Every now and then you get to taste something really special. It is one thing to eat seafood hundreds of miles away from its origin and it is another thing to eat it at its origin the same day it came out of the ocean. The callo de hacha scallops in Bahia Kino, Sonora are one of the best food experiences in a country famous for great culinary experiences.
Bahía Kino, Sonora
The area that is known as Bahía Kino is a blip on the map of the Sea of Cortez. It’s a six-hour drive from Tucson and an hour and a half directly west of Hermosillo, Sonora. Every year, thousands of snowbirds migrate down Interstate 15 on their way to warmer climates. I highly recommend detouring to Bahía Kino to experience the fresh seafood locally sourced in the Sea of Cortez.
YouTube has a bunch of videos about famous chefs and Mexican food vloggers talking shop with the folks operating the seafood bars. After watching the Nico Mejía video I was set on visiting Bahía Kino. It wasn’t that big of a deal to add a few hours onto an already long road trip and the experience is well worth it.
Twenty years ago, I worked in a restaurant that sold a plate of four medium-sized Atlantic diver scallops for $30 dollars, USD. First, I can only imagine what they cost now. Second, I prefer eating raw seafood that is fresh and not frozen.
Are Callo de Hachas Scallops?
Is a callo de hacha the same thing as a scallop? Those are both general terms and Mexican callo de hacha is different from the diver scallops sourced in the North Atlantic and sold frozen to restaurants across the United States. A scallop is a general term for a bivalve mollusk and they are found all over the world. The cold water variety and the warm water variety look and taste different. If you haven’t eaten live, Mexican callo de hacha fresh out of the water in Bahía Kino, you should give it a try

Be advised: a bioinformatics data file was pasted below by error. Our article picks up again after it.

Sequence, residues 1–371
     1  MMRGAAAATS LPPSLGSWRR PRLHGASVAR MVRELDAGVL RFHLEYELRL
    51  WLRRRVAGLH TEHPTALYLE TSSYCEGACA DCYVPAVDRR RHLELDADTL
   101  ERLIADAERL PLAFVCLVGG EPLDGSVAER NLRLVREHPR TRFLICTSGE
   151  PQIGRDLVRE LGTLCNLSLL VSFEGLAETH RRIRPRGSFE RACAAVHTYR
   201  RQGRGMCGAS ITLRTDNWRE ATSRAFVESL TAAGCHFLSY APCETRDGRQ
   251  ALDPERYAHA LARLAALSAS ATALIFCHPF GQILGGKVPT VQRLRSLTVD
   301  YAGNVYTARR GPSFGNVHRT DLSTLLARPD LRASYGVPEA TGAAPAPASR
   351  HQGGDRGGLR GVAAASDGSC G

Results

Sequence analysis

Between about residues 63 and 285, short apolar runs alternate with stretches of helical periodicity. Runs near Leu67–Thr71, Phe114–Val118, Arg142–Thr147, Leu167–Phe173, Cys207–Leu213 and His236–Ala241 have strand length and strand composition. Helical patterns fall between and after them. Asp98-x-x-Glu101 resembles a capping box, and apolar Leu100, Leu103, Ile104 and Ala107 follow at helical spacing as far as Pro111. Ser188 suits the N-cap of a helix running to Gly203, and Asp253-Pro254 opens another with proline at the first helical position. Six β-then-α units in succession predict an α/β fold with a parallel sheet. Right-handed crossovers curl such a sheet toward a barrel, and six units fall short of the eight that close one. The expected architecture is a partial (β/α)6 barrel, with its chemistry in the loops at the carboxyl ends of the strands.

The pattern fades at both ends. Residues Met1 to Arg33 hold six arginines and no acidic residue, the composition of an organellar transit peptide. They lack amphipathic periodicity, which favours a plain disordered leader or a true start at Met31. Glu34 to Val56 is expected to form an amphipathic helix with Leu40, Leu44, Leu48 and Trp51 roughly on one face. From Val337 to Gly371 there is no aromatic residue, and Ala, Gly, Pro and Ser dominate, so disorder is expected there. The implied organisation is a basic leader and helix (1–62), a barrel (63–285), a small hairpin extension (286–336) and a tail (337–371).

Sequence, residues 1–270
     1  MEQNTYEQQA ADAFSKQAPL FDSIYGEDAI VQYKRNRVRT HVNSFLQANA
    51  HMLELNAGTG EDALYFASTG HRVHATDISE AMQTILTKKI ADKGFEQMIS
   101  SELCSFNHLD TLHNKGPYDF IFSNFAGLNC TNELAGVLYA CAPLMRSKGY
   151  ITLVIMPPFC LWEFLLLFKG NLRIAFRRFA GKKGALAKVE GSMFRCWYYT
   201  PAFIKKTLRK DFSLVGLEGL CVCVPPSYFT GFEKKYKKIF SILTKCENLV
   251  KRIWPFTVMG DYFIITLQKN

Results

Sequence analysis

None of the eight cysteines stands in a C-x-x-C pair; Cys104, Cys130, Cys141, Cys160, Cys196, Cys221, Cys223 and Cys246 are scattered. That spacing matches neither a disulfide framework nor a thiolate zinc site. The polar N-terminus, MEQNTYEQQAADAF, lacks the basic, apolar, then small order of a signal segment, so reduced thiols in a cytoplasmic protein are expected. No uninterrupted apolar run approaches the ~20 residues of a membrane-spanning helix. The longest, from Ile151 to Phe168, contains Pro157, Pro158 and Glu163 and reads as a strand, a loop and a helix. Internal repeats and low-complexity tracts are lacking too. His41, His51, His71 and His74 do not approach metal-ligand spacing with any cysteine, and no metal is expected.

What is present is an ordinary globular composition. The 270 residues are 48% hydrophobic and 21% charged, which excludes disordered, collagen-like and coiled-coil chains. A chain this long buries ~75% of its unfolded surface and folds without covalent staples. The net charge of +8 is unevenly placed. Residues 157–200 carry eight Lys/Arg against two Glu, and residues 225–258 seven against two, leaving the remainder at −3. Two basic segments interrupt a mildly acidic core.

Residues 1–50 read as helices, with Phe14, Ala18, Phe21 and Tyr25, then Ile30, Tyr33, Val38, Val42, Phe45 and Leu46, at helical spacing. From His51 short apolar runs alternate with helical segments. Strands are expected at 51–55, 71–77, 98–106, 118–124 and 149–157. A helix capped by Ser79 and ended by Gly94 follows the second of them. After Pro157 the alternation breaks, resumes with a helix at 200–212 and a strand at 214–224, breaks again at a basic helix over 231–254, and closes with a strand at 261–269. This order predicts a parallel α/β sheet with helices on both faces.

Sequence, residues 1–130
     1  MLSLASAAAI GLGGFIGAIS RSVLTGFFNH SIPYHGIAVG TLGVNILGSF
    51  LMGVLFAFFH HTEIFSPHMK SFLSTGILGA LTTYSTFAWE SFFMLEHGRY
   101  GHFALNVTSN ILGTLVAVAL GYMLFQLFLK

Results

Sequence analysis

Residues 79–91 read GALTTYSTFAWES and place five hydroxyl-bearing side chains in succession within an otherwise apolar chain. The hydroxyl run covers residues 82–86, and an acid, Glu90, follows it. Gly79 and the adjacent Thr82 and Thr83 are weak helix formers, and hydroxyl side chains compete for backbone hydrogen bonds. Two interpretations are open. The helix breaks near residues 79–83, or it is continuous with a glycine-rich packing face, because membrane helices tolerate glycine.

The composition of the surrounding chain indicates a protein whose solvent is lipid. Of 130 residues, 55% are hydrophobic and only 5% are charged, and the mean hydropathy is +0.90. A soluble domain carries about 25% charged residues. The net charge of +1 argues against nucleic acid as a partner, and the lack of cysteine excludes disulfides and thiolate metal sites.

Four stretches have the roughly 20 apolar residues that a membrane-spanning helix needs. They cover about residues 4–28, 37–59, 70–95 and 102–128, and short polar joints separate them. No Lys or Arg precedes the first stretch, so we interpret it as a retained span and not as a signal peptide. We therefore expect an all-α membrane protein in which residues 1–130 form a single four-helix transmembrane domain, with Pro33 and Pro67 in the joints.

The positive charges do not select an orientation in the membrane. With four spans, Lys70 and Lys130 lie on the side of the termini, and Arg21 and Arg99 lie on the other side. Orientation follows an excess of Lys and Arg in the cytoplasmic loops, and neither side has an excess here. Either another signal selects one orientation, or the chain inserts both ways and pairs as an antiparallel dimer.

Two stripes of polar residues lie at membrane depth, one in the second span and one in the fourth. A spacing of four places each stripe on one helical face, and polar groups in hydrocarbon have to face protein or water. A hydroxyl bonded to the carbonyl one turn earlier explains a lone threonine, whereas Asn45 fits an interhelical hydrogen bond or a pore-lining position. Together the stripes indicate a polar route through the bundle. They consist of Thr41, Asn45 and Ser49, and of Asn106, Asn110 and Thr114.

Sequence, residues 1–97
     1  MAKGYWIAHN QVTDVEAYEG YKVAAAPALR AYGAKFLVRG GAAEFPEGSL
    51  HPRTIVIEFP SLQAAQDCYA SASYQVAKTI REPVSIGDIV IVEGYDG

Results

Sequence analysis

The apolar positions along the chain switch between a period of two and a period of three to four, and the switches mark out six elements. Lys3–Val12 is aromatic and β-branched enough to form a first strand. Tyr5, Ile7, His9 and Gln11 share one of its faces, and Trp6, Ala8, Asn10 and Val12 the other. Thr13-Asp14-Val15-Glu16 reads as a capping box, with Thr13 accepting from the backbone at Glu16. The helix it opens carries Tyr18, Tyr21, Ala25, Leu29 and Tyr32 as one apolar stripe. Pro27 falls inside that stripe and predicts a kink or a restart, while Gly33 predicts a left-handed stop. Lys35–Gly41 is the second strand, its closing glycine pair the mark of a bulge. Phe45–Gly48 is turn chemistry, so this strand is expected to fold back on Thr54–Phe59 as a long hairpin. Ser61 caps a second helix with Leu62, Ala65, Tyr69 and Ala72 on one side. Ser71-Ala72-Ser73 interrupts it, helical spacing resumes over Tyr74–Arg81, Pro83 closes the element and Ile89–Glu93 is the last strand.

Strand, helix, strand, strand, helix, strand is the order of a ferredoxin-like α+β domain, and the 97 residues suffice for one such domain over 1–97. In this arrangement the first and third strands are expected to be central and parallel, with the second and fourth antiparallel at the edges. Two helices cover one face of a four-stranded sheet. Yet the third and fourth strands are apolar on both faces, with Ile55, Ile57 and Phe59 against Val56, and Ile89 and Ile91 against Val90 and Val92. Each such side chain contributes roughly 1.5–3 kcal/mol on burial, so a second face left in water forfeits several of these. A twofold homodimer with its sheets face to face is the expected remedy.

The name callo de hacha comes from the shape of the shell. There are actually two different types of callos: hacha and riñón. The callo de riñón costs about twice what the callo de hacha costs according to the guys at Mariscos Terry next to the pier in Old Bahía Kino. There is also a beautiful selection of clams and oysters but the callos are the real treat.
There was a time when callo de hacha could be found at low tide or even at 20 meters deep. Divers harvest the wild mollusks that grow like roots into the seafloor. These divers don’t use tanks but with a surface-supplied breathing apparatus. Diving for callos is dangerous work.
When you get to Mariscos Terry or La Guera you will see one of the most beautiful selections of live shells that you will ever see. The pata de mula is opening a little bit and closes again after being hit with the knife. Everything is opened and cleaned in front of you. It’s almost like taking a biology class as they dissect a mollusk to isolate the tasty parts. I enjoy watching sushi chefs prepare food but these guys are on another level.
Interestingly, healthy callo de hacha has a small shrimp that lives inside the shell and keeps it clean in a symbiotic relationship. Most of the callo is thrown out including the digestive system. What you eat is the contractor muscle that opens and closes the shell.
In Bahía Kino, seafood is served in its own shell. You can taste individual items or blend them all together into one huge mixed plate (shell). They pour some clamato, lime, chile, salt, and pepper into the mix and dive in. There are probably 10 different types of spicy salsas sitting on the table for you to choose from. I went for a blend of the Huichol salsa and an orange habanero, and I’d do it again.
The drive down the 15 from Nogales to Puerto Vallarta or the Riviera Nayarit can be a lot of fun if you make the right pit stops. Eating callo de hacha scallops in Bahía Kino is a world-class culinary experience that you should make some time for. You are not going to be able to experience these gems in many other parts of the world.